On 12 March 2010 hundreds of Christians were trapped inside a church in Marsa-Matruh for ten hours when thousands of Muslims attacked the building. Some of the crowd entered the church and assaulted the Christians, and they went on to burn property. Twenty-three Christians were injured. The pretext for the attack was the construction without permission of a wall around a plot of land owned by the church.

Islamist threats

On 20 March 2010 a church in Luxor was surrounded by bulldozers and hundreds of police. The community centre was demolished and all the church’s land was taken over, apart from the church building itself. The authorities said that there were underground archaeological remains on the site, but the Christians saw this claim as a mere excuse for destroying their property.

A number of militant Islamist groups operate in Egypt, with the goal of turning it into an Islamic state under the rule of sharia law. They have secured a significant place in education and the media, and have launched many violent attacks. Some of these are against Christians, and the government’s failure adequately to counter Islamist activities and influence thus endangers the churches. But now Islamist leaders are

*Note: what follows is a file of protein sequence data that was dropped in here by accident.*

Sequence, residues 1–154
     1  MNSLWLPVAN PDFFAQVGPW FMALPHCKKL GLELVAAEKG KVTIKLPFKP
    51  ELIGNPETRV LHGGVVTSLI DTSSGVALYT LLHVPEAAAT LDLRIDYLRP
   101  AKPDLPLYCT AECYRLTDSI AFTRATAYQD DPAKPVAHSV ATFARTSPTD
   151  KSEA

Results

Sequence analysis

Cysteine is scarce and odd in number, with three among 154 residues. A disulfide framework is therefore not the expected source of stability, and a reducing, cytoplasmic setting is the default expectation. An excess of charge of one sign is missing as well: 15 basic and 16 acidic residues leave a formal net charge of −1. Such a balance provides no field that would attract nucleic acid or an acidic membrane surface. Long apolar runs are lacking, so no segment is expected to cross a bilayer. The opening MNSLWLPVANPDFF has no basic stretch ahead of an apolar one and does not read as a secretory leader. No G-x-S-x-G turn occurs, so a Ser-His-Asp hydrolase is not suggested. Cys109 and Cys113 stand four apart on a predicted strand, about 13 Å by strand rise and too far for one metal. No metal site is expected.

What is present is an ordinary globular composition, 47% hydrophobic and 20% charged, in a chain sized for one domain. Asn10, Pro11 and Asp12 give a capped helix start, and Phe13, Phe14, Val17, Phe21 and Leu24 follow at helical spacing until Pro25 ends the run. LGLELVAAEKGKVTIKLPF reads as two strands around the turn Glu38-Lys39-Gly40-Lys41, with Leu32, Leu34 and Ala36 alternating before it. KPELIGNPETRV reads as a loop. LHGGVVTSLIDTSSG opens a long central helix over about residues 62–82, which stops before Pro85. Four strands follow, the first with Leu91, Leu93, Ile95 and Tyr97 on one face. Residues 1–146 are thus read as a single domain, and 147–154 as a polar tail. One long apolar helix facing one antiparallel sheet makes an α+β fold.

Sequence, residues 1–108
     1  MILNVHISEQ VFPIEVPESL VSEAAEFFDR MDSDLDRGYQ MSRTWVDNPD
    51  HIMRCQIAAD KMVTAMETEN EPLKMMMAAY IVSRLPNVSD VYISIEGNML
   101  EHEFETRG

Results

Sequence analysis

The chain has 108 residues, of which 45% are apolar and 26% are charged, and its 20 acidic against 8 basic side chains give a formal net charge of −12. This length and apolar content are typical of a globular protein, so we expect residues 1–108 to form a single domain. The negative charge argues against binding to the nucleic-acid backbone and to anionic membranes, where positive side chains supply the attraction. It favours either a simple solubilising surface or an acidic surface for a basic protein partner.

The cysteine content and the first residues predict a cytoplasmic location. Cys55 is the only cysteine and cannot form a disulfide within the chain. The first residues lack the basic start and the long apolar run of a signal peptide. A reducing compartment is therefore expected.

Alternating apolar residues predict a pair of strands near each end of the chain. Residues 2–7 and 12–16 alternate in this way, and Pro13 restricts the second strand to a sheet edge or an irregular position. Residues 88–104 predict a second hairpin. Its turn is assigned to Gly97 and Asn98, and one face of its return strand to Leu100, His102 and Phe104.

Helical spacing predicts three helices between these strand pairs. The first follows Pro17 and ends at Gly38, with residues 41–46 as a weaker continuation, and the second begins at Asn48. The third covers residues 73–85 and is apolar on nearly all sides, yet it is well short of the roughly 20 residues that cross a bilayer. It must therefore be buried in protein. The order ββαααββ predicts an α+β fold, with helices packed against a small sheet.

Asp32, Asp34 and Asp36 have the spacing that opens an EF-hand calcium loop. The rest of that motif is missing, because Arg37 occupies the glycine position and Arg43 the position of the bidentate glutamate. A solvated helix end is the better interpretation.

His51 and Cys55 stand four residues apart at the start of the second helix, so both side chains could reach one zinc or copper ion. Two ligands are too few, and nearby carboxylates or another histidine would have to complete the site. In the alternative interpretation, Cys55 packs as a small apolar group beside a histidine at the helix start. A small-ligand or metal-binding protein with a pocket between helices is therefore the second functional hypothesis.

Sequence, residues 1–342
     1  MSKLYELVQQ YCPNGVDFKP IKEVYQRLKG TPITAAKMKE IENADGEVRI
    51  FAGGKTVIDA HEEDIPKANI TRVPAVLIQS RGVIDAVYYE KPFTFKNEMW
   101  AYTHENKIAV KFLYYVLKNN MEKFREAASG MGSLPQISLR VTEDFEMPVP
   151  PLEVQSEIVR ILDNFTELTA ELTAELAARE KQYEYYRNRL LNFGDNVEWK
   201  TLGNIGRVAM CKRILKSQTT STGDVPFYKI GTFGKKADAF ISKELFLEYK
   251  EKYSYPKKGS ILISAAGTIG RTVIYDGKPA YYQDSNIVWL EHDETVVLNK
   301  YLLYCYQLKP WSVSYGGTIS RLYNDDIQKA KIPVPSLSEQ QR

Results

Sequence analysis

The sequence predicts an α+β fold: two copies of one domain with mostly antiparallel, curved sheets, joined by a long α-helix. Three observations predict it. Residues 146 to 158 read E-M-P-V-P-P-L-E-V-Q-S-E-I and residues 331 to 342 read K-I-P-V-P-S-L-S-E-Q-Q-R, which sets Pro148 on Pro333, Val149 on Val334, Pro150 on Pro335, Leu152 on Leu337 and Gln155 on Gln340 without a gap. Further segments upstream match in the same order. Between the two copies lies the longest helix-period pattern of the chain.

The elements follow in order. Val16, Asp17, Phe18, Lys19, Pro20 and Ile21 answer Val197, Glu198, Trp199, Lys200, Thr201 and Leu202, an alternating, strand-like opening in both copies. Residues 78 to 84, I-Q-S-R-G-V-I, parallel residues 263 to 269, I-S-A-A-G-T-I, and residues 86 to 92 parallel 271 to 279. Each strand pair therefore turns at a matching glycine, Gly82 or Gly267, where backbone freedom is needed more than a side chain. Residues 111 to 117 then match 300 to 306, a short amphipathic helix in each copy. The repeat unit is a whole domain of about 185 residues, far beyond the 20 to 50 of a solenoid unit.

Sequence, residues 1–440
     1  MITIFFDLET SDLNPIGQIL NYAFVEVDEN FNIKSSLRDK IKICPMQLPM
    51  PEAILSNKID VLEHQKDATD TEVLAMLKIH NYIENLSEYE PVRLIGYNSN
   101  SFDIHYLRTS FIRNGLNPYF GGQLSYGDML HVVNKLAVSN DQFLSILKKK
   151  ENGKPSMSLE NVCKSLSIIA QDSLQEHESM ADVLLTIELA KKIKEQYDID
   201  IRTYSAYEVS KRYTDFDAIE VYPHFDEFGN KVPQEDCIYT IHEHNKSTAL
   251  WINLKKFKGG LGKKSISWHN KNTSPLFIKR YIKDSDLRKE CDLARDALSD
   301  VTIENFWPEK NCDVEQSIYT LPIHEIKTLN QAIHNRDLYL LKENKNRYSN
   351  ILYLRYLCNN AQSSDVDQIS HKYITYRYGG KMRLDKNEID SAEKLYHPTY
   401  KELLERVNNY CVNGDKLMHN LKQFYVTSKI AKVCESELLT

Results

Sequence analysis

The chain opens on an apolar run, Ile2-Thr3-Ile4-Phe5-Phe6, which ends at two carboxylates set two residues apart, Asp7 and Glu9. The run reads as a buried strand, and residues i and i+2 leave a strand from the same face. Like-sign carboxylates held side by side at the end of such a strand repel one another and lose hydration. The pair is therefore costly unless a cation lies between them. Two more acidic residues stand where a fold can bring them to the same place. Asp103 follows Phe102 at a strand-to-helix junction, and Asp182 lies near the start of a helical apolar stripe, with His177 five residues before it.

A Muslim motorcyclist beheaded one Christian and injured two other Christians on 16 September 2009. The murder victim, Abdo George Yonan, was stabbed nine times before being decapitated. The attacker then moved on to two neighbouring villages, where he severely injured a local shoemaker and assaulted a blacksmith.


Inadequate protection